Teamsters

North America's Strongest Union

Teamsters settle pay equity case with NYC. Woot!

Local 237 President Greg Floyd in 2013, demanding a settlement. 

Teamsters Local 237 reached a settlement of its lawsuit with the City of New York for underpaying women who work as school safety agents -- a terrific Teamster victory for Women's Equality Day!!

The settlement covers more than 5,000 Teamster school safety agents, who brought the largest pay discrimination suit in the United States against New York four years ago, when Michael Bloomberg was mayor.

The school safety agents, mostly women, receive $7,000 less pay a year than male-dominated peace officers in the city. The new mayor, Bill de Blasio, intervened in the class action suit (as he said he would) to fix the problem.

Sister Kangela Moore, who worked as a school safety agent for over 22 years, said:

I'm ecstatic—we've made history! I'm thankful for the Mayor's commitment to ensuring full pay equity for all employees, and for Local 237 and President Floyd's critical work to ensure we're getting the same pay as other special officers around the city. This means so much to me, my family, and the over 5,000 school safety agents employed by the City.

The agreement, which must be approved by a judge, would put school safety agents on an accelerated schedule to achieve equal pay by March 2018. According to a press statement from the mayor's office,

In addition to equalization of salary, today's agreement creates a new seven-year step pay plan for both new school safety agents and new special officers, to take effect on September 1, 2014, making permanent the equalization of school safety agent and special officer salaries.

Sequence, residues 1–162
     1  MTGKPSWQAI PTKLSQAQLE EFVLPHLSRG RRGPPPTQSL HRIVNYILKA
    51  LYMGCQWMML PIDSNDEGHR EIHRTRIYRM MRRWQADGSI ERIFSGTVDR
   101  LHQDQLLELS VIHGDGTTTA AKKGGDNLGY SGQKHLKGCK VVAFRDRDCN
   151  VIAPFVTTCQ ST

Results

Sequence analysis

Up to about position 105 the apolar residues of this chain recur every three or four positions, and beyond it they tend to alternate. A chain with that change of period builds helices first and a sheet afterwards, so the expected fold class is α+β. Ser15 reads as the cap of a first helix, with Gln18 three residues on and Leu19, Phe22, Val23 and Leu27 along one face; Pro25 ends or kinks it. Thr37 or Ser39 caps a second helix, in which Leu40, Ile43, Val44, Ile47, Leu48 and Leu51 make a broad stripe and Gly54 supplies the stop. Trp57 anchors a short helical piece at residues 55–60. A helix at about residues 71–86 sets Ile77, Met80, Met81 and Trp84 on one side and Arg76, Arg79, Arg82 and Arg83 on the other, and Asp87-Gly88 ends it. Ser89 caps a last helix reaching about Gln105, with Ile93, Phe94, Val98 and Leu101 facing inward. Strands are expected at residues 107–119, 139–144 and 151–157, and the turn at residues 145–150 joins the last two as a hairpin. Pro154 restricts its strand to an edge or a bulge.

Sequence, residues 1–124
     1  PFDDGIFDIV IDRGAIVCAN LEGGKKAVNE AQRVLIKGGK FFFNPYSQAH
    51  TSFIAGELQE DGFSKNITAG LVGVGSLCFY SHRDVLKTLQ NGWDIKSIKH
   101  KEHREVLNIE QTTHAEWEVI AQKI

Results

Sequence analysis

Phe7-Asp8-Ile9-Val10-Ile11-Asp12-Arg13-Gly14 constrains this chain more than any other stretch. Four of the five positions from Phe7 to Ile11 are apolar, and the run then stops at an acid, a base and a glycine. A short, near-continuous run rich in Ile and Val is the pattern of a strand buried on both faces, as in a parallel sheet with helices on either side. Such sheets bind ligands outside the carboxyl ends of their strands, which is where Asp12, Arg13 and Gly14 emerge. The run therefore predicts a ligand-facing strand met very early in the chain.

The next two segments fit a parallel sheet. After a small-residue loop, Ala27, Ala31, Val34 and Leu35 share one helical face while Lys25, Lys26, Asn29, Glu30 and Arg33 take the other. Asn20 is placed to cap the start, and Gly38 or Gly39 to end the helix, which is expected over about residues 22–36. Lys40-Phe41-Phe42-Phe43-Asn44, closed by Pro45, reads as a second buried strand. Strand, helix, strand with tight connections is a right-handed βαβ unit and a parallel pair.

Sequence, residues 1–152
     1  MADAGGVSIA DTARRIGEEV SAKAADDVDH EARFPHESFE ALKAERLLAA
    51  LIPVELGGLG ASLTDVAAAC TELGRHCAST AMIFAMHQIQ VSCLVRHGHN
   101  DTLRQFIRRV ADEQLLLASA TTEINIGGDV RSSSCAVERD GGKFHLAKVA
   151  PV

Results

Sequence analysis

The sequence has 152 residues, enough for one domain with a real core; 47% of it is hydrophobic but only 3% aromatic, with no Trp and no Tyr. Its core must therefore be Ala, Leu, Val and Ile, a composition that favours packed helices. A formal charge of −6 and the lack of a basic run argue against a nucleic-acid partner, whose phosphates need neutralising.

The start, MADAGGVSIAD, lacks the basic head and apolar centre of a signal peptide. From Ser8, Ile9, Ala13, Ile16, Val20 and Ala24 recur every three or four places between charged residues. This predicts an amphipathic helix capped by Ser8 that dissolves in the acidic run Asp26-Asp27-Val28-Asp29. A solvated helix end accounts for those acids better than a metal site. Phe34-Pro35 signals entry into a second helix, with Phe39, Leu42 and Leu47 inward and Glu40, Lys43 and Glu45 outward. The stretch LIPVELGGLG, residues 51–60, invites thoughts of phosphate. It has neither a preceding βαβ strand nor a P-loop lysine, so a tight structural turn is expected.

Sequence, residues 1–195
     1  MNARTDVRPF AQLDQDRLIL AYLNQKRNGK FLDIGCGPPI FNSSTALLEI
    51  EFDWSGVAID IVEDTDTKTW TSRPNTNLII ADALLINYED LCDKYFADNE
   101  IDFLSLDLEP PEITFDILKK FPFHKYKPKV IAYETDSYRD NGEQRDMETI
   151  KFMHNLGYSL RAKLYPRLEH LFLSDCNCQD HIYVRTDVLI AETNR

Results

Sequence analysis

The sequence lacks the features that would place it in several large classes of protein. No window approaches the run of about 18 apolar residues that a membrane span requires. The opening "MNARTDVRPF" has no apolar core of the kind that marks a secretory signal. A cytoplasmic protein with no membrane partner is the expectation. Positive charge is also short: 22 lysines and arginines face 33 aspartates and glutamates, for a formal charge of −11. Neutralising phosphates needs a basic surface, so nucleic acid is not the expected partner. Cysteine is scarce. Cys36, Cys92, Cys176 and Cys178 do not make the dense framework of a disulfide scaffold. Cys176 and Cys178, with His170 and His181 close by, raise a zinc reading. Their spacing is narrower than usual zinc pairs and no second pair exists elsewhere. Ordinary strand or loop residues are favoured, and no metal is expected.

Incumbent school safety agents will be put on an accelerated schedule in order to achieve full pay equity by March 2018. The City will provide retroactive pay for wages in the amount of approximately $7,000 for each active school safety agent employed for at least three years as of September 1, 2014, and for school safety agents who retired between March 5, 2010 and August 31, 2014. The City will also provide retroactive pay for wages of up to $3,000, pro-rated for time served, for school safety agents who have left service and did not retire and were not discharged for cause. 

Members of the bargaining unit will vote on the contract.

Said Greg Floyd, president of Teamsters Local 237:

Today, we celebrate a fair contract for our school safety agents that provides them and their families with the security they need and deserve.

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